Some delightful and wise quotations are attributed to Marcel Proust including a particularly famous one about having / seeing with new eyes:-
Marcel Proust - The real voyage of discovery consists…
"The real voyage of discovery consists, not in seeking new
landscapes, but in having new eyes."
Also, less usually, quoted as:-
"The real voyage of discovery consists not in seeking new lands but seeing with new eyes."
The source of this citation is 'La Prisonnière', the fifth volume of 'Remembrance of Things Past' (also known as) 'In Search of Lost Time' - perhaps the most celebrated work
by Marcel Proust.
To quote more fully from the original citation souce - La Prisonnière:-
A pair of wings, a different respiratory system, which enabled us to travel through space, would in no way help us,
for if we visited Mars or Venus while keeping the same senses, they would clothe everything we could see in the same aspect as the things of the Earth.
The only true voyage, the only bath in the Fountain of Youth, would be not to visit strange lands but to possess other eyes, to see the universe through
the eyes of another, of a hundred others, to see the hundred universes that each of them sees, that each of them is;
and this we do, with great artists; with artists like these we do really fly from star to star.
Looking at Human Existence
with ~ philosophical ~ New Eyes
Does Darwinian Evolution offer much in terms of explaining Human Nature?
The answer to this question seems to raise deep, but interesting, issues associated
with Human Existence.
It is widely known that Plato, pupil of and close friend to Socrates, accepted that Human
Beings have a " Tripartite Soul " where the individual Human Psyche is noticeably composed of three aspects -
Wisdom-Rationality, Spirited-Will and Appetite-Desire.
What is less widely appreciated is that such major World Faiths as Christianity, Islam,
Hinduism, Buddhism and Sikhism see "Spirituality" as being relative to "Desire" and to "Wrath".
Related Link Pages
recommend: strongly Europe in 1848 : A seed-plot of History?
In relation to the European Revolutions of 1848 the historian Eric Hobsbawm has written:
"There have been plenty of greater revolutions in the history of the modern world, and certainly plenty of more successful ones.
Yet there has been none which spread more rapidly and widely, running like a bushfire across frontiers, countries and even oceans."
In 1806 the Habsburg Emperor, who held the "Holy Roman" Imperial title and exercised direct dynastic authority over many lands stretching from Poland to the Mediterranean,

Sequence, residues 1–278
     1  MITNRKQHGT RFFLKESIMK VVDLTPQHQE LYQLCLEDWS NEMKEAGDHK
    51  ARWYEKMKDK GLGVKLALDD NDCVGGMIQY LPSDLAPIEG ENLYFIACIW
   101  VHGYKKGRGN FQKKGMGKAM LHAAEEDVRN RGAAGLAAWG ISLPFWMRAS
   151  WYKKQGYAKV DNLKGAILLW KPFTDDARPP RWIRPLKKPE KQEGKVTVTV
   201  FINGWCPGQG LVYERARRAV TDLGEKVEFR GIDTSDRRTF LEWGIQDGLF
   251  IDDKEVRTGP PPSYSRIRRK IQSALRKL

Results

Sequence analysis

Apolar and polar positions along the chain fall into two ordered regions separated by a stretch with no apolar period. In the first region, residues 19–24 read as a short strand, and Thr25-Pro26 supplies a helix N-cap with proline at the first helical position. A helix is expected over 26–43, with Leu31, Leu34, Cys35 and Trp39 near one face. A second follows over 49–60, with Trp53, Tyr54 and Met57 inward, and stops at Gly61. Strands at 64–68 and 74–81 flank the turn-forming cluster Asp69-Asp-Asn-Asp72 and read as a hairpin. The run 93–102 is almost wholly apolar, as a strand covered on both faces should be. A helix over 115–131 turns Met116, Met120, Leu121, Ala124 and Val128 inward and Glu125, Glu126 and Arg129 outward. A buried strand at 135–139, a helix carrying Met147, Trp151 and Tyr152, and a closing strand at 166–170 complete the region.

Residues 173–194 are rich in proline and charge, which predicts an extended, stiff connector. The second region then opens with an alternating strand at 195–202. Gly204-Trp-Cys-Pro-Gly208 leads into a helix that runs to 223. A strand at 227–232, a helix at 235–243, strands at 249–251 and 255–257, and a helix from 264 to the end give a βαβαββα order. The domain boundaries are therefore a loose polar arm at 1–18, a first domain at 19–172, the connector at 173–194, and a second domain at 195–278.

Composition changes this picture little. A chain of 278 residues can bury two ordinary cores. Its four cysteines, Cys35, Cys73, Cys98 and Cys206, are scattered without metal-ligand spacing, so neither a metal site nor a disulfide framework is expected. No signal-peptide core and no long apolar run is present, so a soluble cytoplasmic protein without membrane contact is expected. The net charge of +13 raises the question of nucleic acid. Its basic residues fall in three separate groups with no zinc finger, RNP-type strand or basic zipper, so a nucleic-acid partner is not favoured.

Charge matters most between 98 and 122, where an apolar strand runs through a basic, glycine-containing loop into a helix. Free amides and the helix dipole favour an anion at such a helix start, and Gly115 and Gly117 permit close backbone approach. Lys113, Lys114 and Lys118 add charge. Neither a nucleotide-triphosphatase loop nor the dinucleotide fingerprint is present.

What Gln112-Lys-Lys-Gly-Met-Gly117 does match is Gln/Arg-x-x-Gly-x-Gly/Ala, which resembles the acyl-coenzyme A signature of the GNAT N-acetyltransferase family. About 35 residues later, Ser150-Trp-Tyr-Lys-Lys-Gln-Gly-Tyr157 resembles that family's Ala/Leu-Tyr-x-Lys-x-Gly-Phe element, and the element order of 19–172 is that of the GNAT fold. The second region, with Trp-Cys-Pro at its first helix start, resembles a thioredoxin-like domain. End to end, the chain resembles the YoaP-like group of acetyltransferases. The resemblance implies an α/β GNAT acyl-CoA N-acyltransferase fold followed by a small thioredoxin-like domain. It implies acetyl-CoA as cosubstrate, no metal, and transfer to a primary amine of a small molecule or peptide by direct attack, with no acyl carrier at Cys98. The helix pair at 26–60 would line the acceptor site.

was hard-pressed by the activities of Napoleon Bonaparte, and accepted the termination of the Holy Roman Empire (due to sweeping reforms instituted by Napoleon in western
parts of Germanic Europe), and adopted the title of Emperor of Austria.
By late spring 1848, the Habsburg Empire looked like a hopeless case: the monarchy's northern Italian possessions in revolt, invaded by a Piedmontese army
and largely cleared of Austrian troops; three different "national" governments in Vienna, Budapest and Zagreb each claiming sovereign authority; Polish, Romanian,
Slovenian, Serb, Czech, and Slovak national movements aspiring to a similar sovereign status; a mentally incompetent monarch and his court in flight from the
capital to the provinces; a state treasury completely bare.
Jonathan Sperber, The European Revolutions, 1848-1851, p. 203
In February 1948, the British historian Lewis Namier delivered a lecture commemorating the centennial of the
European Revolutions of 1848.
In this lecture Namier presented facts about the historical developments, themes, and events evident in 1848 and reached the
"1848 remains a seed-plot of history. It crystallized ideas and projected the pattern of things to come; it determined the course of the following century."
We are pleased to make available a series of informative pages about the highly significant and, we would venture to suggest,
the prodigiously historically instructive European Revolutions of 1848:
The events of 1848-1849 arose from the strong emergence into the Socio-Politico-Economic History of nineteenth-century Europe of populist forces such as Liberalism,